There are an estimated 1.2 million immigrants to Britain in 2022 alone, leading to mass migration. Although non-EU immigrants eventually leave the UK after a few years of work or study, this still has an immediate impact on the economy.
The mass influx of people to the UK may lead to an increase in labour supply, total spending within the UK economy, and demand for labour. All these, put together, will increase the total demand for domestic goods and services in the UK.
Furthermore, net migration also eventually leads to a rise in real GDP. This is due to increased economic spending, making economic growth more significant.
In simple terms, the increase in the number of people in the UK leads to more access to labour, higher productivity, which means that more goods will be produced, leading to an increase in GDP.
When people move to a foreign country, it is most likely for work or study. So migrants are usually of working age even though they may bring descendants. Generally, mass migration increases the labour force and the economy’s maximum production capacity. There may also be a decrease in the overall dependency level since the working-age population may be far greater than the aging population that needs their support.
One of the common reasons for net migration is the quest for higher education; in 2019/2020, there were over five hundred thousand international students in the UK, according to the Higher Education Statistics Agency (HESA). Although the students may not be part of the long-term migration trends, the short-term effects of their migration are also significant.
The London Economic Analysis estimated that students from 2018 to 2019 made a significant contribution of net £25.9 billion to the UK economy. These contributions will go a long way to finance the higher education of domestic students.
During the mid-2000s, the UK experienced a large inflow of workers from Eastern European countries like Poland because immigrants were particularly attracted to a place where they felt they had more job opportunities, which could create a more flexible labour market.
There will be people to meet the high demand for semi-skilled jobs, such as plumbers, builders, etc. However, aside from these skilled jobs, specific sectors have experienced shortfalls in job vacancies over the years. For example, nursing, law, medicine, etc. are sectors which are in particular demand. The government may also seize this opportunity to attract migrants from various countries to fill these gaps.
Even though the UK net migration has many positive impacts on the economy, it also has some downsides, the most common one being the social issues and concerns about the quality of life in the UK.
There have been a number of concerns over overcrowding and the decline in the nation’s standard of living as a result. The UK is already facing a housing shortage and green space is becoming increasingly scarce. Constructing more roads has also becoming more of a challenge due to the limited space available and lack of resources.
The increased population will most certainly increase urban congestion and pollution. Still, if the increase in real GDP is worth more than the depreciating quality of life in the UK, the government might seek to continue with the net migration.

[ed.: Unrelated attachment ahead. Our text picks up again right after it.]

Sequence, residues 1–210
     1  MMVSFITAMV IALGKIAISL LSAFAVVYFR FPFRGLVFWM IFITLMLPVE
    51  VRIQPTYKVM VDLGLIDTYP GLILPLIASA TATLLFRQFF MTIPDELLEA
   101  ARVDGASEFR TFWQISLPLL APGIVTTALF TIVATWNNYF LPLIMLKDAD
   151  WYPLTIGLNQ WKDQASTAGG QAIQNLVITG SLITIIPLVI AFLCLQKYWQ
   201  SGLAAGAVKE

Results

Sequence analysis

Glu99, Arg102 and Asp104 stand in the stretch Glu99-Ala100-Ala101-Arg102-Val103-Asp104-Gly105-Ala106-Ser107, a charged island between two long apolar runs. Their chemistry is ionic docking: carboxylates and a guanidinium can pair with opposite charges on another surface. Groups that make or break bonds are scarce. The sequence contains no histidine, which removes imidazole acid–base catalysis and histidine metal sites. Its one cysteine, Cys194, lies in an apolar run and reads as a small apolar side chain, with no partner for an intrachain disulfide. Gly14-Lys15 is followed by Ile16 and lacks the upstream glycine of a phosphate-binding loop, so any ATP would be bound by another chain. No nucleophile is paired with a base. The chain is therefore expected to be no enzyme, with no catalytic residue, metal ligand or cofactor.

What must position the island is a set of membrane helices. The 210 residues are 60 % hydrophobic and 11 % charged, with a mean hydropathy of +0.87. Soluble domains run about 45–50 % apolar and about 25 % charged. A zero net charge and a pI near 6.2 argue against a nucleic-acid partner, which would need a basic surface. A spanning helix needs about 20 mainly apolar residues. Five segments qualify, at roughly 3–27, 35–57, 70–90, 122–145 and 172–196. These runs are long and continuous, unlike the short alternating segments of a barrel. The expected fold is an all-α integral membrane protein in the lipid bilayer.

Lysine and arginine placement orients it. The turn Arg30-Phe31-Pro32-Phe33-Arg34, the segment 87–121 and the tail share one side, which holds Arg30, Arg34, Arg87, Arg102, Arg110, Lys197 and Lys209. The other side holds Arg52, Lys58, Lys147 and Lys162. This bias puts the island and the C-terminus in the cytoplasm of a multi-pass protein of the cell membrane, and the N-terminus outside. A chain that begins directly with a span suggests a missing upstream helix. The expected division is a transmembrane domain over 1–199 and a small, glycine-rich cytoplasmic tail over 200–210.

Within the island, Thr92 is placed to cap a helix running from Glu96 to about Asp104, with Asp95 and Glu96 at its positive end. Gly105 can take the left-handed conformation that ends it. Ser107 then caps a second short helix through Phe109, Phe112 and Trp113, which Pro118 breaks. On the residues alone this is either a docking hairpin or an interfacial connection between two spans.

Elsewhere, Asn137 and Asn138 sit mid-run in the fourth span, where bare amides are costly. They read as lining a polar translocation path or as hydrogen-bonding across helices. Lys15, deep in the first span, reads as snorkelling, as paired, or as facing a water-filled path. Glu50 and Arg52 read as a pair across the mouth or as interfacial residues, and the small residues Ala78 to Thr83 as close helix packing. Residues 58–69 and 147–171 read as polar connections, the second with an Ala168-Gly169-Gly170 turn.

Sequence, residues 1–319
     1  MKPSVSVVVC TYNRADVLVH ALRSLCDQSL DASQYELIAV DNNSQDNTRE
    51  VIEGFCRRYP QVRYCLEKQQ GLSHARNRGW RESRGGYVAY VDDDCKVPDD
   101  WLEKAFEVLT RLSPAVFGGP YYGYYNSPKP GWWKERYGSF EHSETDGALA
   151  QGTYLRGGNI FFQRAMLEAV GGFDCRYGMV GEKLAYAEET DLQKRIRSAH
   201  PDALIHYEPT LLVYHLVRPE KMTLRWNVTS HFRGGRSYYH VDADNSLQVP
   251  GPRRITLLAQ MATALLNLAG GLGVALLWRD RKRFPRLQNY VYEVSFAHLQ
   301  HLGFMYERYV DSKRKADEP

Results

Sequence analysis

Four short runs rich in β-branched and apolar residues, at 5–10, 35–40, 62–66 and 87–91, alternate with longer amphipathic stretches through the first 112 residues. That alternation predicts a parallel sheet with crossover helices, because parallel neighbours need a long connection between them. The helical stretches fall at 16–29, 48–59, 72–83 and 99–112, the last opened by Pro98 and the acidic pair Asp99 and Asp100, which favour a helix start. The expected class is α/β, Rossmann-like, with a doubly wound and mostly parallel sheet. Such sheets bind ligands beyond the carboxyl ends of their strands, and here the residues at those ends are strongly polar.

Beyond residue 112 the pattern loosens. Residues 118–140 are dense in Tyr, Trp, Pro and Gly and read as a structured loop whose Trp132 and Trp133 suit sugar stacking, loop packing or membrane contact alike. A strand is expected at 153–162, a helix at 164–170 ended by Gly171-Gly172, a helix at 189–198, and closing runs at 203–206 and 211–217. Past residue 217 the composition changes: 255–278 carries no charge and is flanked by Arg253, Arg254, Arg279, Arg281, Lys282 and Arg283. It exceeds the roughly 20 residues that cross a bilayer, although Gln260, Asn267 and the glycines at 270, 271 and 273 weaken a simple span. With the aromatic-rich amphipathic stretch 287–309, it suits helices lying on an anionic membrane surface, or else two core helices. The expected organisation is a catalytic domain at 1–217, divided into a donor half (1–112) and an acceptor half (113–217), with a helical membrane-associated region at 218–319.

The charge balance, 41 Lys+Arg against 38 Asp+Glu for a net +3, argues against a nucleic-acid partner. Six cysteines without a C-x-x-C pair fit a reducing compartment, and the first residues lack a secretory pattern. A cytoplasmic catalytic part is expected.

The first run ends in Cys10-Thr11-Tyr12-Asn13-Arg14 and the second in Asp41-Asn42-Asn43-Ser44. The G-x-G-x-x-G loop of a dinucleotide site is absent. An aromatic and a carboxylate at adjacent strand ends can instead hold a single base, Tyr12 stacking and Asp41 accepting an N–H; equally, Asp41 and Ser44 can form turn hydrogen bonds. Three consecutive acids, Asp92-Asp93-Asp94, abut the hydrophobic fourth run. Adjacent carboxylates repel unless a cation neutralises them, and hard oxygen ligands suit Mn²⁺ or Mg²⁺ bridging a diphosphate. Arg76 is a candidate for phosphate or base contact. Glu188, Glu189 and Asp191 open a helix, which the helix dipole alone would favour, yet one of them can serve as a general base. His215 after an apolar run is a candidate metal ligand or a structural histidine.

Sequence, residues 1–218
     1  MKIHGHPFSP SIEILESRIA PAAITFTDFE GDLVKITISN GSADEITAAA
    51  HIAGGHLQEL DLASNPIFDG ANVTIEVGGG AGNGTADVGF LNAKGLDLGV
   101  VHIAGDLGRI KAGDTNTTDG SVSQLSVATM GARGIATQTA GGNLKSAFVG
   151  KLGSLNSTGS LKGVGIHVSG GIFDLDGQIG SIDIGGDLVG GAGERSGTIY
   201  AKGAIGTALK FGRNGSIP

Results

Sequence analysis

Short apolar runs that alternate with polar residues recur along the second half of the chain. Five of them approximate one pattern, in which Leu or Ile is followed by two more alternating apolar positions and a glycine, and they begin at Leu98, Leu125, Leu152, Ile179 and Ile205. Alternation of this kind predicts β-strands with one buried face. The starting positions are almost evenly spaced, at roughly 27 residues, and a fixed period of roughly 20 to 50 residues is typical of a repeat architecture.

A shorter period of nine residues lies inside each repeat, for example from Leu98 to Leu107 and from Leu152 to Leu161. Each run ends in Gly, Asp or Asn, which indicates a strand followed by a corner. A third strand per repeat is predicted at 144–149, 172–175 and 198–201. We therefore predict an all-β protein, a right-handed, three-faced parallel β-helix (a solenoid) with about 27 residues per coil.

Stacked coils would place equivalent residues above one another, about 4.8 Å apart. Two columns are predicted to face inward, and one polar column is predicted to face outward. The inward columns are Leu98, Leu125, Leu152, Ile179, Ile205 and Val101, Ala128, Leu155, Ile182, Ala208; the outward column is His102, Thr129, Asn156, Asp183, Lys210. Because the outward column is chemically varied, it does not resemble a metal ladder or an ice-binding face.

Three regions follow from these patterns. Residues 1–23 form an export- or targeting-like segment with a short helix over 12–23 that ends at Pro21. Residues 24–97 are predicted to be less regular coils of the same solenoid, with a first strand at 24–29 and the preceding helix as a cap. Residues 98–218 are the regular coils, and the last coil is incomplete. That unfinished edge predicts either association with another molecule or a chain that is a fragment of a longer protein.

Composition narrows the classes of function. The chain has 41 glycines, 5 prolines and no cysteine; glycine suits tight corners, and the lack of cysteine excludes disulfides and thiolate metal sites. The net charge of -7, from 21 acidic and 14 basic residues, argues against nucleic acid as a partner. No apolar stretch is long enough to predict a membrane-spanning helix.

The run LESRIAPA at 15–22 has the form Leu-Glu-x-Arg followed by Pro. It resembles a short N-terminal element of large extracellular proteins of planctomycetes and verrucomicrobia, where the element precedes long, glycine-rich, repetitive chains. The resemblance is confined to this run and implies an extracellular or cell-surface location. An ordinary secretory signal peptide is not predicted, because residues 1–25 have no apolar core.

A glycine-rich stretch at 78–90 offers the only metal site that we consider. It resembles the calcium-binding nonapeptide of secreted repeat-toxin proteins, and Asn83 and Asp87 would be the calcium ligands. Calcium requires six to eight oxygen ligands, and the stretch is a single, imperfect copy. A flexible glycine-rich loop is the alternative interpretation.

With the naturally aging population of the UK, there is an expected increase in the dependency ratio (which represents the population of the UK that depends on the working age for survival) and mass migration has significantly helped to reduce that ratio. Since migrants are more likely to be young or working-age people, their immigration to the UK will help reduce the ratio of old and retired people to working people.
This younger population has many benefits to the UK economy. If migrants are of working age, they will pay VAT and income tax. In addition, the pension gap will be filled by the contributions of a younger generation of workers.
Mass immigration in the UK may first push down wages because workers will be willing to accept lower wages for jobs due to increased competition when the labour may become higher than the demand. This may lead to an increase in unemployment, affecting citizens and immigrants alike.
Who is allowed to enter or remain in the UK is a primary focus of British immigration policy. These policies encompass a wide range of contemporary policy areas. The Department of UK Visas and Immigration is responsible for immigration policy in the United Kingdom and a points-based immigration system is used which grants economic migrants work visas based on their personal characteristics and qualifications.
Unlawful discrimination against immigrants based on race, national origin, religion, sex, handicap, and age is prohibited by law in many areas, including work, education, housing, and public accommodations (such as restaurants and hotels).
Immigrants that enter the United Kingdom unlawfully should not be allowed to stay here, and the Illegal Migration Bill makes that point crystal clear. Instead, they will be imprisoned and sent back home or to a secure country where asylum claims can be reviewed as soon as possible.
The Illegal Migration Bill of 2023 would make it more difficult for former removal duty subjects to become legal permanent residents or citizens of the United Kingdom.
Lawyers specialising in immigration law interpret the law, advise clients on their legal options, and represent them in court. Therefore, with the recent mass migration in the UK, there will be an increase in the demand for immigration lawyers’ services. This calls for expertise in every aspect of immigration law and how it affects these migrants.
It would be best if immigrants understand their rights and fate in the eyes of UK law. This could help them make better decisions regarding whether or not to stay in the UK.
By Marvis Osarhenrhen
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